Derrick Goold: It's not as outlandish as you make it seem in your question. Taveras could very well leave spring training with the big-league club. It will be based heavily on two events —- one, he hits so well and produces so much that the Cardinals just cannot ignore him and, two, he shows he can play comfortably at times in center. With Beltran and Holliday in the corners, the playing time that would make carrying Taveras in the majors make sense is going to have to come in center field the way the roster is set up now. An injury would change the equation. Remember the Cardinals would have likely brought up Taveras in October had Beltran been sidelined by an injury ... That's pretty telling.

    Jason (Dallas): I noticed that Wacha is missing from your 2016 rotation - is this just a function of pitching depth in the system or are you unsure of his ability to stick as a starter?

Derrick Goold: Good question. It's a function of depth, number of pitchers under control (assuming Wainwright is still around) until then, and where Wacha was ranked. He's No. 6 on the top 10, but he's behind Miller, Martinez, and Rosenthal as starters. Heck, Rosenthal isn't named in there and he would fit ahead of Wacha just because BA style is slide the players/pitchers into that lineup according to ranking.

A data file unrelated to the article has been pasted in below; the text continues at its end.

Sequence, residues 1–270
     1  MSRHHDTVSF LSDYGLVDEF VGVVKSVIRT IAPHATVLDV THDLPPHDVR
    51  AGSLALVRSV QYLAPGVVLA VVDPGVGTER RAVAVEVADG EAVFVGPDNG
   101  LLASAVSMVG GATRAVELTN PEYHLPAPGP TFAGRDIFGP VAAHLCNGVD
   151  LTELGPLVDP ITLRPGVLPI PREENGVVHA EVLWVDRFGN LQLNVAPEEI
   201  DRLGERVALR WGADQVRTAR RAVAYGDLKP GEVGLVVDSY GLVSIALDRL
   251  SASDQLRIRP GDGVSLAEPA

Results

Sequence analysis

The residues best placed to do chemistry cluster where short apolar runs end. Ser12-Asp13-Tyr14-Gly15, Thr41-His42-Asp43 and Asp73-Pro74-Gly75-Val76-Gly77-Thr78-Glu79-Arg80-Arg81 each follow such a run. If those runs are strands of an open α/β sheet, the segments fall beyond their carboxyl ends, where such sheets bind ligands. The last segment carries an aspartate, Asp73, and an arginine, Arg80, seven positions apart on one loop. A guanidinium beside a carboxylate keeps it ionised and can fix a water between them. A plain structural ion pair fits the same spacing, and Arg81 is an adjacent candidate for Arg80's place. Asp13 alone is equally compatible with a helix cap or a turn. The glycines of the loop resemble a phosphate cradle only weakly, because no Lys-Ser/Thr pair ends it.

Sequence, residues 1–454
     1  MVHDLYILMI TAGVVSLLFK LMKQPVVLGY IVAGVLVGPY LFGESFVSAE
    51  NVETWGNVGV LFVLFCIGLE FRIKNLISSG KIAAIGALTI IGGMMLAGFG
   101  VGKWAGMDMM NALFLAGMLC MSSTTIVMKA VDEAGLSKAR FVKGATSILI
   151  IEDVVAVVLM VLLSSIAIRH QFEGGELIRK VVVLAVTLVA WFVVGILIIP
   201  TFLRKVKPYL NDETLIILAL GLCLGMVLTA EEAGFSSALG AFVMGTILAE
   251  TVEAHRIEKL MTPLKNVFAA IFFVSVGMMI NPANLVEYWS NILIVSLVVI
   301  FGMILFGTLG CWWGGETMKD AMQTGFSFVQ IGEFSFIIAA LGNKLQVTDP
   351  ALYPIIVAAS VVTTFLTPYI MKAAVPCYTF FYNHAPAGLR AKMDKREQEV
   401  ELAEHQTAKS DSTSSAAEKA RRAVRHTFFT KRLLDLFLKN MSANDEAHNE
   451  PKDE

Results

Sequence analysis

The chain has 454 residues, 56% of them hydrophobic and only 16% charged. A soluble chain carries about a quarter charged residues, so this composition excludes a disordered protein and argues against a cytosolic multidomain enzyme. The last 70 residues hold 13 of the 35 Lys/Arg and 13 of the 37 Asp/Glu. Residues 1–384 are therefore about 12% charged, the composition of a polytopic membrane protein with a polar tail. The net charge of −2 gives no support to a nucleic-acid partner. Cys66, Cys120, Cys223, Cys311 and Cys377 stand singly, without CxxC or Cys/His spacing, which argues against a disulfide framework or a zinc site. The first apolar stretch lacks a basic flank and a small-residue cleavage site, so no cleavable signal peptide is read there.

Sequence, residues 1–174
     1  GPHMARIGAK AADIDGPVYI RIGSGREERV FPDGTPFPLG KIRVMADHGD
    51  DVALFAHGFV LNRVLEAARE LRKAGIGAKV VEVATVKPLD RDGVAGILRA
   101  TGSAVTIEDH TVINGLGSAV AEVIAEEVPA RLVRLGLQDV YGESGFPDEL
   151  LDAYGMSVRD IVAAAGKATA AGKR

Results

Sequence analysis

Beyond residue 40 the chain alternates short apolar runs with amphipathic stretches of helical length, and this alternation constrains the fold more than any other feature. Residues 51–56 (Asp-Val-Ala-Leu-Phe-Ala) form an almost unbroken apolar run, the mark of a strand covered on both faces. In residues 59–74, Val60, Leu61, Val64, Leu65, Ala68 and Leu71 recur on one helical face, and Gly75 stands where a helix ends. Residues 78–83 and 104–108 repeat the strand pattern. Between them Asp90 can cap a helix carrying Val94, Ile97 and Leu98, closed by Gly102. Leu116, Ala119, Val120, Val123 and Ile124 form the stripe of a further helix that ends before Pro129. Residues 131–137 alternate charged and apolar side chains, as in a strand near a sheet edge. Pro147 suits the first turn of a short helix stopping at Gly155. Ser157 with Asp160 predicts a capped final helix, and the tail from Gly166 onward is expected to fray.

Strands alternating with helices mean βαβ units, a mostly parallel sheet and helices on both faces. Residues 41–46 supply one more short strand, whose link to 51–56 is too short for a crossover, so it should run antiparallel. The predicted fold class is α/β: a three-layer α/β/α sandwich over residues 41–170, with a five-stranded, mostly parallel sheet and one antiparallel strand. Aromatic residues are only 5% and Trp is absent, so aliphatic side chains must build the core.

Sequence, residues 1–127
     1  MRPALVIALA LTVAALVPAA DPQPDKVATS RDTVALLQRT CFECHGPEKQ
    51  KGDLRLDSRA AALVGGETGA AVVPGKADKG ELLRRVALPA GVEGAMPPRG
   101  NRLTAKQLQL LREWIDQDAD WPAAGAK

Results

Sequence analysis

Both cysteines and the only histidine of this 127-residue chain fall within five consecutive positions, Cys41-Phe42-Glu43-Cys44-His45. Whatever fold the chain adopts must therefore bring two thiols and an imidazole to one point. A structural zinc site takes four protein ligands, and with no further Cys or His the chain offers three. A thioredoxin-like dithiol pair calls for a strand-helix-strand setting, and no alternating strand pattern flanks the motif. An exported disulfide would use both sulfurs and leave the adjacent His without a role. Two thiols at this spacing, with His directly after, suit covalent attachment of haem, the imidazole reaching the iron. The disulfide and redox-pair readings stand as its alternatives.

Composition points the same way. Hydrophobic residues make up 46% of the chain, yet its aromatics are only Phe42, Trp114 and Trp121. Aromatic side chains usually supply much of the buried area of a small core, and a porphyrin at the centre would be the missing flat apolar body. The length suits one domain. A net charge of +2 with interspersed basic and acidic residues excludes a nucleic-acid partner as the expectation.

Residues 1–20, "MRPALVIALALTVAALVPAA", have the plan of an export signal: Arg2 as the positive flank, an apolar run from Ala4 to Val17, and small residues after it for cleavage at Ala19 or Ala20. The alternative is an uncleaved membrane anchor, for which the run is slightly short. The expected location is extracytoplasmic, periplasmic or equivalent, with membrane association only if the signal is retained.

Keith (Manchester, CT): Thanks Derrick. Do you think Oscar Taveras takes enough walks to have a strong OBP in the majors, something over .350 ?

Derrick Goold: I think when Taveras gets to the majors, he's there to do damage. A nice OBP will be a bonus, and yes he does have a better eye for the strike zone then maybe his bad-ball-hitter rep allows. He'll walk enough. But let's be honest. He's there for SLG.